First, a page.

What we do

SMC development, lineage and disease

Our work combines the fields of stem cell biology and vascular biology to provide new insights into vascular smooth muscle cell development and novel treatments for vascular diseases. We have developed in vitro systems using murine and human embryonic stem (ES) cells and induced pluripotent stem (iPS) cells in which pure populations of mature contractile vascular SMCs may be generated.

These and other model systems are currently being used to investigate how SMCs and their precursors initially develop from multipotent cells and how perturbation of developmental mechanisms may contribute to disease. The group’s focus is on the role of the myogenic transcription factor, myocardin and transforming growth factor (TGF)-β and Notch signalling as well as other transcription factors and signalling cascades that interact with these pathways. In addition, we are determining whether SMCs of different lineages respond differently to atherosclerotic mediators, whether these differences account for some of the regional heterogeneity in atherosclerosis development, and the underlying mechanisms responsible for the differential response.

Modelling genetic diseases using patient-derived iPSCs

A major focus of the group is to use our established in vitro system and patient-derived iPS cells to model genetic disorders in which there is a key SMC phenotype. Marfan syndrome, in which aortic SMC loss and matrix breakdown lead to aortic dissection, is the exemplar for this approach. Other conditions with a significant SMC phenotype that we are also modelling using this approach include Loeys-Dietz syndrome (TGFBR mutations) and CADASIL (NOTCH3 mutation).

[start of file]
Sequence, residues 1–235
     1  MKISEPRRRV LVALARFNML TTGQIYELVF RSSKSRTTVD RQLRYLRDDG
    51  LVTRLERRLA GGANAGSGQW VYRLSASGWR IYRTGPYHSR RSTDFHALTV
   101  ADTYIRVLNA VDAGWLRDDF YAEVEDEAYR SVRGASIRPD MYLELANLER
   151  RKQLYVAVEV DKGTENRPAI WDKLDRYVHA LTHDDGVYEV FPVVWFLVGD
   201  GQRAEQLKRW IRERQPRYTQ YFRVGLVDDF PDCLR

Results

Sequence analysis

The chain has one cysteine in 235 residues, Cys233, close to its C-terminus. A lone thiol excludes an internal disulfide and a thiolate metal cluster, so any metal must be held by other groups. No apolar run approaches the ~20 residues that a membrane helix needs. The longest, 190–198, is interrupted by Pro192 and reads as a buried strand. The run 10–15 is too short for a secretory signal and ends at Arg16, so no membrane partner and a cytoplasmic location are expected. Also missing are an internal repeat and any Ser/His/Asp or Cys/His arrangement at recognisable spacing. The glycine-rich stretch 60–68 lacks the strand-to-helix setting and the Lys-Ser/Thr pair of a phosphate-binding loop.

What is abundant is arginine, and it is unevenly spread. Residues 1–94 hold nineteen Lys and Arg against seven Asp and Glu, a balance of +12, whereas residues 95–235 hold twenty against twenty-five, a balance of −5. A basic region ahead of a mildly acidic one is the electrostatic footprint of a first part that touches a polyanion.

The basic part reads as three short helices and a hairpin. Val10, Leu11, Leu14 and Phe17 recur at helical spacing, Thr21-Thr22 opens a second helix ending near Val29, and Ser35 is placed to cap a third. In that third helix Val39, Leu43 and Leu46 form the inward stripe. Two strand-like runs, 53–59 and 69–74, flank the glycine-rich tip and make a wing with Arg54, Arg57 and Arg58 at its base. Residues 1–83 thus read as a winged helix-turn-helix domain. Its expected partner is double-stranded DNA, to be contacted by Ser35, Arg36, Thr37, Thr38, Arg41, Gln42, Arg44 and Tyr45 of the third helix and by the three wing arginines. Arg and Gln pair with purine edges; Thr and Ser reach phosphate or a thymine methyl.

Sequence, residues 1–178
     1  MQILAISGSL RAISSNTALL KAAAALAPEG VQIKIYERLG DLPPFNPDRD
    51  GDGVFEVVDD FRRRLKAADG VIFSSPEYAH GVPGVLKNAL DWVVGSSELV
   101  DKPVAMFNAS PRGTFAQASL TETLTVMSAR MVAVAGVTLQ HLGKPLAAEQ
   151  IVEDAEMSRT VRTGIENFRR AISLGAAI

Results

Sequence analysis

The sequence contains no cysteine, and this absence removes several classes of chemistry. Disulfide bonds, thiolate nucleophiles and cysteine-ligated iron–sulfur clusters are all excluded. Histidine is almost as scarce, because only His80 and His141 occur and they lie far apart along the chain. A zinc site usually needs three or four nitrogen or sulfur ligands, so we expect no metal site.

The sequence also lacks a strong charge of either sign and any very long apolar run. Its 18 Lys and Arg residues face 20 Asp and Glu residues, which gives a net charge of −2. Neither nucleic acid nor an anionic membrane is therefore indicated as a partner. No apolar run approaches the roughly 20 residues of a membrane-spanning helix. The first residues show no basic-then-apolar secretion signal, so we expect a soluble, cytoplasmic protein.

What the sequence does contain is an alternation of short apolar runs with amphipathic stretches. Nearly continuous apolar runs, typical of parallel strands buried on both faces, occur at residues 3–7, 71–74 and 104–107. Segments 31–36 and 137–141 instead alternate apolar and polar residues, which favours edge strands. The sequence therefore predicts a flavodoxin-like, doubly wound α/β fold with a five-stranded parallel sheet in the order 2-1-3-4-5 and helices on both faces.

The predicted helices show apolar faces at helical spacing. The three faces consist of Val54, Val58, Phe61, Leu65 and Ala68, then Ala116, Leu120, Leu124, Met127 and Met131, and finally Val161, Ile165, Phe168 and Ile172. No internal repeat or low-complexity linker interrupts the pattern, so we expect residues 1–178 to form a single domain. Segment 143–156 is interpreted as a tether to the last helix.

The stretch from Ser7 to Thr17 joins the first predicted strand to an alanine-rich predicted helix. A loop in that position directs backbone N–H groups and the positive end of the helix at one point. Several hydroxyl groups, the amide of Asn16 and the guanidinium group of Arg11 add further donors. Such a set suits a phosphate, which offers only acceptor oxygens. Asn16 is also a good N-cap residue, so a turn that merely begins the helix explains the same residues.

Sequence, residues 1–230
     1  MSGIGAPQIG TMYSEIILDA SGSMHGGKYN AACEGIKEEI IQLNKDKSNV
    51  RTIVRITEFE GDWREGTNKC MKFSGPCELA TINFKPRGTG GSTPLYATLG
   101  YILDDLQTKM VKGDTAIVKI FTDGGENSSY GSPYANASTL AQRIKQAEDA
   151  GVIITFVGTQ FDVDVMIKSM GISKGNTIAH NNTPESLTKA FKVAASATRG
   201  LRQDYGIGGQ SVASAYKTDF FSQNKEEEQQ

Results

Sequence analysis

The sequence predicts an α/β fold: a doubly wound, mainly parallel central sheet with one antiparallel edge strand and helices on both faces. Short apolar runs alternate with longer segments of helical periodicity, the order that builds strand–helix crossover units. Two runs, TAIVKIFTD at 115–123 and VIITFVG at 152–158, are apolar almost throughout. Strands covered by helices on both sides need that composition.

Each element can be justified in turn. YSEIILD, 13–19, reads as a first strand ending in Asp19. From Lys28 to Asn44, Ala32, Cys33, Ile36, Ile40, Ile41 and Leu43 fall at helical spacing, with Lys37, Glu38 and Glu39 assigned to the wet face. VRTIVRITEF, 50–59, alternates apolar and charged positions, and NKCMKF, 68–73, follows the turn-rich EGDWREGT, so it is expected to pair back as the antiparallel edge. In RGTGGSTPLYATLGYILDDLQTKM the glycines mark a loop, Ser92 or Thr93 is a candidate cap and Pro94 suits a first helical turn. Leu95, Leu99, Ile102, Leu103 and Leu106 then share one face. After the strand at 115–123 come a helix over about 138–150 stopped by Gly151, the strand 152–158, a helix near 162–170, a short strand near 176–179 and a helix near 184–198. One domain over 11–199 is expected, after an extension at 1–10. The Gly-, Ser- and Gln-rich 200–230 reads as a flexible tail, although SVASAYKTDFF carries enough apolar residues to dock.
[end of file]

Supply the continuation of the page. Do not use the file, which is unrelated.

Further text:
Myocardin as a key regulator of vascular disease

We have carried out the first gain- and loss-of function studies in vivo to identify a new role for Myocardin in regulating the vascular injury response and atherosclerosis. We have delineated some of the molecular mechanisms by which myocardin regulates SMC biology in these conditions and hypothesise that myocardin is a ‘guardian’ of vascular health. Further studies are under way to clarify the underlying mechanisms in more detail and to determine whether modulation of myocardin represents a novel approach to treating vascular diseases.